Certain characteristics of this physical activity have also been analyzed, specifically the intensity and type of organization [23]. In regard to intensity, it has been found that psychological well-being is higher among those who engage in physical activity with a medium level of intensity. On the other hand, results reveal that the type of organization within which the physical activity is carried out (extracurricular club, federation, unmonitored or monitored) has no impact on psychological well-being; what is really important here is the fact of engaging in some kind of physical activity, no matter its format.

In the field of quality of life understood as physical health, research focuses on the analysis of health-related quality of life (HRQL) and is based on the subjective assessment of the impact of disease and treatment on the domains of functioning and physical well-being. These studies have found that quality of life is a predictive variable of the course of several diseases, regardless of other prognostic factors, suggesting that a poorer quality of life could in itself aggravate the disease [24]. According to Soto et al. [25], the most important dimensions of HRQL are social, physical and cognitive functioning, mobility and personal care, and emotional well-being, although it should not be forgotten that HRQL is also impacted by certain economic, social and cultural factors.

To date, reviews quantifying the results of exercise interventions indicate that relatively few studies report any quality of life data, and in most clinical trials the quality of life is evaluated as a secondary variable [26]. It has, however, been recommended that HRQL should play an important role as a main outcome variable [27], and of course, this variable should always be assessed and defined by the individual patient, the focus being on the person rather than on the disease, placing importance on how the patient feels, regardless of clinical results.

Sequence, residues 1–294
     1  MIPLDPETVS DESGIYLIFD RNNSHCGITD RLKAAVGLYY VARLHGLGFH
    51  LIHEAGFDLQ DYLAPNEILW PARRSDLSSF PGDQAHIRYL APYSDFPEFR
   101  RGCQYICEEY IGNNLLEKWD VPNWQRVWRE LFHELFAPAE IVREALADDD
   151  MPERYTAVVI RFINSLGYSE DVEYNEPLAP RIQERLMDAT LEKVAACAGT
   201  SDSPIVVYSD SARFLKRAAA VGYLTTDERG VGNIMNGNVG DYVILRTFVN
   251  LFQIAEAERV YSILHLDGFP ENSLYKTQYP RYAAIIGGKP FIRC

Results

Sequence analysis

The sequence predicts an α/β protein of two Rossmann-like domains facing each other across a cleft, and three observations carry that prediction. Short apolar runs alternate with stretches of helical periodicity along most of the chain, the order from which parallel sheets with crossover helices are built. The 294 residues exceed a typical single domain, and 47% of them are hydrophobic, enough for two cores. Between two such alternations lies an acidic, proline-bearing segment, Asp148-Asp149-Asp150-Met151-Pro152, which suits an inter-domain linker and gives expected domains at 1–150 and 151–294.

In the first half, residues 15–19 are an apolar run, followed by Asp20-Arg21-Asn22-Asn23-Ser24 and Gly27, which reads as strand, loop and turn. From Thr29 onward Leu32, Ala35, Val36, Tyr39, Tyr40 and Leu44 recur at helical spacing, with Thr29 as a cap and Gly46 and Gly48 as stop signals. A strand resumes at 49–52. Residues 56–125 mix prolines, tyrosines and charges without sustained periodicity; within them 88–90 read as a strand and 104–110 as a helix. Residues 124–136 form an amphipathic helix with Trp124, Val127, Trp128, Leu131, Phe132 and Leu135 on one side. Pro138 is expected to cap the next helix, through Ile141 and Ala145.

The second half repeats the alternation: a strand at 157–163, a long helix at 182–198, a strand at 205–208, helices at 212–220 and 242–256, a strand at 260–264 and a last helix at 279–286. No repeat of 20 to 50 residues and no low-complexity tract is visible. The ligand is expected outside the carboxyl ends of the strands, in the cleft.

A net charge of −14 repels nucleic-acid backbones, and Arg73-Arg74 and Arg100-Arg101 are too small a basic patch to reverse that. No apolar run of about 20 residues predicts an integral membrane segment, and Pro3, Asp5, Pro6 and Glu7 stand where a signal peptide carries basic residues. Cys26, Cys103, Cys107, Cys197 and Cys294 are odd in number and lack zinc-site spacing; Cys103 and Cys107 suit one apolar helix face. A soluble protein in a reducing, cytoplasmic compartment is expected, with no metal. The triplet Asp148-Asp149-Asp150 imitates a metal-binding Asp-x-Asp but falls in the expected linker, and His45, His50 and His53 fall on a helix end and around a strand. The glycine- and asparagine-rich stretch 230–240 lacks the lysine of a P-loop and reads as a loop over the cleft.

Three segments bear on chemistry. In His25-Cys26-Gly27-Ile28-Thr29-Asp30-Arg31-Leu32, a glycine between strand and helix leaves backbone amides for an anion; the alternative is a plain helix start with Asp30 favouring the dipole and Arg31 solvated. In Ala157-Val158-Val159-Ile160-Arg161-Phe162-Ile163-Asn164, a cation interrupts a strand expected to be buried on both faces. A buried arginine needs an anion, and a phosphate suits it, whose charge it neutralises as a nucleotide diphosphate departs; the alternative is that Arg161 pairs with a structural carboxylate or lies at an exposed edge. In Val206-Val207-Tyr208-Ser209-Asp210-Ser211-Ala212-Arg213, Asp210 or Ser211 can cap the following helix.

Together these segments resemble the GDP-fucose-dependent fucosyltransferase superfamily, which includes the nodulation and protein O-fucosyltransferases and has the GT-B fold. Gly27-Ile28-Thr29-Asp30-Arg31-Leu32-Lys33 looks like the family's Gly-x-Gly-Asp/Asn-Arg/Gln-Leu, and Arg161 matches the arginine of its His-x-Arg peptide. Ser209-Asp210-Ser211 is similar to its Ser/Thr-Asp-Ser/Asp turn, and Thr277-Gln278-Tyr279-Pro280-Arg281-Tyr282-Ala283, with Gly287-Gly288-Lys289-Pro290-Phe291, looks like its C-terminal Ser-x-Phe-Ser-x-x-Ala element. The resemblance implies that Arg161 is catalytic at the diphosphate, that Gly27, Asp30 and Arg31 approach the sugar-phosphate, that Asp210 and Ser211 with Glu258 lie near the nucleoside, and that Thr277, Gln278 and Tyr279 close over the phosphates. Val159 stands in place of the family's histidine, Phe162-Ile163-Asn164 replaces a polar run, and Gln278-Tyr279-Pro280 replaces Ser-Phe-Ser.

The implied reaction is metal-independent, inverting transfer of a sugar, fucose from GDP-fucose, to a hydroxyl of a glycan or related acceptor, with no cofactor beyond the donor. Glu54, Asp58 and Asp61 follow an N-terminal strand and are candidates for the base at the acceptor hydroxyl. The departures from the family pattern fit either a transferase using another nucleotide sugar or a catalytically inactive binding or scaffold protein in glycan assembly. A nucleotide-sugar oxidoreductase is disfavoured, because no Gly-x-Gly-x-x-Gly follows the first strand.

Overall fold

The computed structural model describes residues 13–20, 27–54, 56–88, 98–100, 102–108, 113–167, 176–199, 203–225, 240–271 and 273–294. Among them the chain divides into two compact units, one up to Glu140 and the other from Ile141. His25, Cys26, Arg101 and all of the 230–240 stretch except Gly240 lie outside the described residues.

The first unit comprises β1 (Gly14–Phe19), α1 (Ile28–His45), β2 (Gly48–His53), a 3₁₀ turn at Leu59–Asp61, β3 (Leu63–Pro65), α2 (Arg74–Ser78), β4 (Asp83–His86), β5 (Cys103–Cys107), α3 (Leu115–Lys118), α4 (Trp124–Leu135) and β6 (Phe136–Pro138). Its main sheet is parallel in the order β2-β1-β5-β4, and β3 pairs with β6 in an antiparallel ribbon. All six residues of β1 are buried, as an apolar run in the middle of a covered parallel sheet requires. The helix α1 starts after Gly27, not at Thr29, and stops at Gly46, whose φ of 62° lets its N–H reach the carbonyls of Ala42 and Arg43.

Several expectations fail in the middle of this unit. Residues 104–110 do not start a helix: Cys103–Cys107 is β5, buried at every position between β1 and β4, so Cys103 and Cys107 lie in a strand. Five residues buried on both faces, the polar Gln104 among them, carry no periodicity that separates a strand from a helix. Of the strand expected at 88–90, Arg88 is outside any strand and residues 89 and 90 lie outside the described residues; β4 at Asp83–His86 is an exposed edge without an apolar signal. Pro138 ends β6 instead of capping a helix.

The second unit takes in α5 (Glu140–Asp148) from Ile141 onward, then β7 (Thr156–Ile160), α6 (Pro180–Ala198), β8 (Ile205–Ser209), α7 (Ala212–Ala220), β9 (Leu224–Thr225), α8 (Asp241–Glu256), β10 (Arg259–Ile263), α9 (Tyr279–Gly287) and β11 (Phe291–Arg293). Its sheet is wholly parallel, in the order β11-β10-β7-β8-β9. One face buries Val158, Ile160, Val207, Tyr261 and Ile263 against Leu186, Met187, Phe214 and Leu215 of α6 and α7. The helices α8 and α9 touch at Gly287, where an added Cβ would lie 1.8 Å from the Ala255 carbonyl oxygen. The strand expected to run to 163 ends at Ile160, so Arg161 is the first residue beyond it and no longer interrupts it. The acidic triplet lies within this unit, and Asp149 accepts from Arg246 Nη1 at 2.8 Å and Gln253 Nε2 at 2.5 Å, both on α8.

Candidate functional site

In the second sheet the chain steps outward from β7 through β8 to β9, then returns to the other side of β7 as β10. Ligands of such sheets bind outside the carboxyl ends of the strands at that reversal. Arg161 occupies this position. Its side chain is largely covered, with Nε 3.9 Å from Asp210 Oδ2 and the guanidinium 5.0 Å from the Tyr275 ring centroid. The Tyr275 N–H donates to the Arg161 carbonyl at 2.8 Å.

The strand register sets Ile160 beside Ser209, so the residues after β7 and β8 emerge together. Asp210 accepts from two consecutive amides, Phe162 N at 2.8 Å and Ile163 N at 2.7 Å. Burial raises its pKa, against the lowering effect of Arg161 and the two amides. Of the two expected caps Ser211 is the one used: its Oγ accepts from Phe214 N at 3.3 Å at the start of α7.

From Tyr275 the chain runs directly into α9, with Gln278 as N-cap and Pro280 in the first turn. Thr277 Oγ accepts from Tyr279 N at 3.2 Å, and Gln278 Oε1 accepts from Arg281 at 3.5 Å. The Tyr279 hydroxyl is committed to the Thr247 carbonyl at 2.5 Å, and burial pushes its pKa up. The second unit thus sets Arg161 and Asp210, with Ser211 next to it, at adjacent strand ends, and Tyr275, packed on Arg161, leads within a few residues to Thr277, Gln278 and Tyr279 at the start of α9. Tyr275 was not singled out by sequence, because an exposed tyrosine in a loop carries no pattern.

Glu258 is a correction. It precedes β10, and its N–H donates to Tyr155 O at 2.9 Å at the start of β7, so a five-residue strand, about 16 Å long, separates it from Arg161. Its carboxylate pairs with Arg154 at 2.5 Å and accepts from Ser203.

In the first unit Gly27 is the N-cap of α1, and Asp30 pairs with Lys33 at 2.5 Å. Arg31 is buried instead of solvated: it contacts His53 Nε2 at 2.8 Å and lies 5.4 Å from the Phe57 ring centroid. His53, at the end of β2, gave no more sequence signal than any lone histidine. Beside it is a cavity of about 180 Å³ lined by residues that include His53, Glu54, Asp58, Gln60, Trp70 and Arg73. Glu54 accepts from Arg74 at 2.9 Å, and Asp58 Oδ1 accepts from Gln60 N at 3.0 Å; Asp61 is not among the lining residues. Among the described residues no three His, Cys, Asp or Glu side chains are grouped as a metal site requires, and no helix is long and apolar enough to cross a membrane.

Coronary heart disease is one of the most widespread health problems, and is among those which could benefit most from physical activity in relation to HRQL. In this sense, regular physical exercise has been shown to be inversely associated with the risk of coronary heart disease, cardiac events and death [28]. Moreover, functional capacity may also be inversely related to all-cause and cardiovascular morbidity and mortality in coronary heart disease patients. Moreover, according to some studies, physical exercise also has a positive impact on the HRQL of these patients, although the effect of size is generally small [29].

The combination of the magnitude of the problem of coronary heart disease, the impact that it has on the social, family and working lives of those who suffer from it, and the psychiatric factors associated with its evolution makes HRQL a key aspect to bear in mind.

Other studies have tried to clarify the relationship between subjective well-being and health-related quality of life. A covariation of both was found with those with high rates of psychological well-being reporting better health-related quality of life compared to those who reported a moderate sense of psychological well-being [30]. It has been recently found that a person’s subjective perception of their own well-being greatly influences HRQL, suggesting that by increasing people’s perceptions we can help them attain higher levels of health-related quality of life [31], as well as better quality of life during childhood and adolescence [32].

Finally, some studies have analyzed this relationship from a multidimensional perspective of quality of life, finding that subjective well-being correlates closely with mental health and, to a lesser extent, with one’s perception of one’s own physical condition [3336]. Other studies have found empirical evidence regarding the negative effect of chronic or long-term health problems on subjective well-being [37], suggesting that the experience of being ill alters the relationship between quality of life and subjective well-being.